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Saudi officials used Twitter trolls to go after Khashoggi, critics

Billboards with Crown Prince Mohammed bin Salman
Billboards with Crown Prince Mohammed bin Salman. Photo: Chris J. Ratcliffe/Getty Images

Before Washington Post Columnist Jamal Khashoggi died after a fight broke out between him and people who met him at the Saudi consulate in Istanbul, he was targeted by the Saudi government through social media, reports the New York Times.

Why it matters: Khashoggi was attacked daily by Twitter trolls because of his dissenting views of Crown Prince Mohammed bin Salman's regime and the way he ran the country. However, interviews and evidence from the Times' expansive report show Khashoggi was one of many targets of the prince as part of a broad effort to silence the country's critics.

The details: Saudi operatives began harassing critics on Twitter after the platform became popular in 2010 during the Arab Spring uprisings.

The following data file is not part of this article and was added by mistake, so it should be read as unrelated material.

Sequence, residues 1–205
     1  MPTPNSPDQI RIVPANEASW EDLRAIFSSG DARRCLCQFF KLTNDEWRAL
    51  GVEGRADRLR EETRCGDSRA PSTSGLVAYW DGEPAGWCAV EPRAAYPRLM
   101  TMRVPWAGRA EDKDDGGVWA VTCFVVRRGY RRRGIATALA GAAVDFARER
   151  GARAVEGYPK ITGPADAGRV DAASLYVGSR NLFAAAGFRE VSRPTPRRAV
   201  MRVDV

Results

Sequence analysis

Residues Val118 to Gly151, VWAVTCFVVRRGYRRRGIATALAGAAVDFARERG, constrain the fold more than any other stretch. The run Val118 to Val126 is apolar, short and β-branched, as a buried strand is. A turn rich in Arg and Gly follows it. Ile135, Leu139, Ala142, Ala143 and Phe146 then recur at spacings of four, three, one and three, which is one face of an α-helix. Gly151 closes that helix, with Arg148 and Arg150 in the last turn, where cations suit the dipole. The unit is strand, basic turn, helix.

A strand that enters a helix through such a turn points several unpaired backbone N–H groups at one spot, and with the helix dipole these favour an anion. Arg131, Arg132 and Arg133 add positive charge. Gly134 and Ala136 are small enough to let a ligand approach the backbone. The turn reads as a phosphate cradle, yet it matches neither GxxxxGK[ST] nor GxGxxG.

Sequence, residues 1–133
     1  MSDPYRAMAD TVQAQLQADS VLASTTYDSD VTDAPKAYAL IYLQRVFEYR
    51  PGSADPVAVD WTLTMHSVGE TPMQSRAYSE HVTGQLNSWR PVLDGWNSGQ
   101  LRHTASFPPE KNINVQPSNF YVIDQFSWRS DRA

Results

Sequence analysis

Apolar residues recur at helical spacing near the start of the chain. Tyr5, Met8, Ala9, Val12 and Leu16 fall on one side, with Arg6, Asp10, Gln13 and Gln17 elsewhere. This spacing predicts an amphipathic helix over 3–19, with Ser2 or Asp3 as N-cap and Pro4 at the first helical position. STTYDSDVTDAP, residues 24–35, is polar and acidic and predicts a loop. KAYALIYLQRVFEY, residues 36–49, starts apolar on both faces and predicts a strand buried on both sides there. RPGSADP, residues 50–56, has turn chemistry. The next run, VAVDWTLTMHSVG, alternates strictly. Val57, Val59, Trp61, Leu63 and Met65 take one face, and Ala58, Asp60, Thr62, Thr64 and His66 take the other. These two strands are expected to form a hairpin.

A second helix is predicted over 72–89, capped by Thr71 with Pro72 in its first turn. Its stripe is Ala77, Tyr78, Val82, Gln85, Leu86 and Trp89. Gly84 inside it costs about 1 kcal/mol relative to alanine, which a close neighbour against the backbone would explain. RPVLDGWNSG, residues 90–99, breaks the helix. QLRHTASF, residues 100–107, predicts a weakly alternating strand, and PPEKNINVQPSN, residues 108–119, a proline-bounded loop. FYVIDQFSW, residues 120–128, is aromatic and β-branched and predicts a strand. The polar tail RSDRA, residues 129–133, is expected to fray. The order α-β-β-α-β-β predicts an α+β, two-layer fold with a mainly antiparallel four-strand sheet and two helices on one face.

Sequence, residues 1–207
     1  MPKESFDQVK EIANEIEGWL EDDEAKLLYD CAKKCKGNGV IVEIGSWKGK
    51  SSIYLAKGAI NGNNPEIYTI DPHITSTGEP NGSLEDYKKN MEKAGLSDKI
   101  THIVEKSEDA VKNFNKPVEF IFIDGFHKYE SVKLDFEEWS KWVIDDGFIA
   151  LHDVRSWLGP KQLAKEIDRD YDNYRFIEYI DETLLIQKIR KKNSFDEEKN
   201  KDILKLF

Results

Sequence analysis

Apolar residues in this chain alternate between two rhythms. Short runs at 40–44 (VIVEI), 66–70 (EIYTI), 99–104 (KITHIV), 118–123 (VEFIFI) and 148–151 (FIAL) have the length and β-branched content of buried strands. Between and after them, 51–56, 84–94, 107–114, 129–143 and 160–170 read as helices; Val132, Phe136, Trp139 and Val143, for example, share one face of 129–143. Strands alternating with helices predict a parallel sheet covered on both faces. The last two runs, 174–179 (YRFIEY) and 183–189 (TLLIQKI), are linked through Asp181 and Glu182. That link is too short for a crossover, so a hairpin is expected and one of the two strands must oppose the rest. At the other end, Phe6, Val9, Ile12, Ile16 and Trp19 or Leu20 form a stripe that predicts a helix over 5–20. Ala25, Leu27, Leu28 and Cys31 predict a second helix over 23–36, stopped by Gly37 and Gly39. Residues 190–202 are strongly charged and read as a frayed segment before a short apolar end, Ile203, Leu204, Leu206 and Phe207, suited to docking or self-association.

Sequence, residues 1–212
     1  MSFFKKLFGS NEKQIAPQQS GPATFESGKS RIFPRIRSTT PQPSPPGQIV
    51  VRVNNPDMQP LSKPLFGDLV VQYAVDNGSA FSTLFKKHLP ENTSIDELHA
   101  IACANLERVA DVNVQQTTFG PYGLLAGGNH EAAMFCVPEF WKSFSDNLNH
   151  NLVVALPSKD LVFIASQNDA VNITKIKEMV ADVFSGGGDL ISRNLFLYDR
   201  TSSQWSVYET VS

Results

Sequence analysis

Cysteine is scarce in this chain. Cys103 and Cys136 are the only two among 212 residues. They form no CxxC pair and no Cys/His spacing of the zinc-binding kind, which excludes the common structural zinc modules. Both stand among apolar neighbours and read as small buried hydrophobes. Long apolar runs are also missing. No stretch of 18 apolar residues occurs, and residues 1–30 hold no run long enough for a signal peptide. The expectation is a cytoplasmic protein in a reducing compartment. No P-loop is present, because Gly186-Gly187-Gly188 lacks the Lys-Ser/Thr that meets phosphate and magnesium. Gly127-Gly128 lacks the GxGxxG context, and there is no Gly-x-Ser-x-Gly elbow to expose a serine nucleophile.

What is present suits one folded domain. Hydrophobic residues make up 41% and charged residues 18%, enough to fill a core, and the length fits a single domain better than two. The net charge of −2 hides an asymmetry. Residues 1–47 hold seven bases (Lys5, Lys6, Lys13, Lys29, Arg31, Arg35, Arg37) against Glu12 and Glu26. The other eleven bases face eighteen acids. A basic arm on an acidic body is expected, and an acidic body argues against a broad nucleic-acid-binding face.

• The effort was organized by Saud al-Qahtani, the Times reports, who was one of Salman's top advisors before being fired on Saturday after the country confirmed Khashoggi's death.

Officials developed a "troll farm" in homes and offices around Riyadh, where hundreds of young men discussed and searched for dissenting voices to silence on Twitter. They compiled names into lists of people to "threaten, insult and intimate," the Times reports.

  • Employees were sent memes they could use to mock dissenters "akin to the cartoons of Pepe the Frog that supporters of President Trump used to undermine opponents," the Times writes.
  • They at times reported posts from dissenting users as "sensitive material" to Twitter in an effort to silence critics.

Khashoggi had come up with a strategy to combat trolls before he was killed. He formed a volunteer army of Twitter users, called "Electronic Bees," to push back against trolls.

One key quote: "The mornings were the worst for him because he would wake up to the equivalent of sustained gunfire online," Maggie Mitchell Salem, a friend of Khashoggi's for more than 15 years, told the Times.

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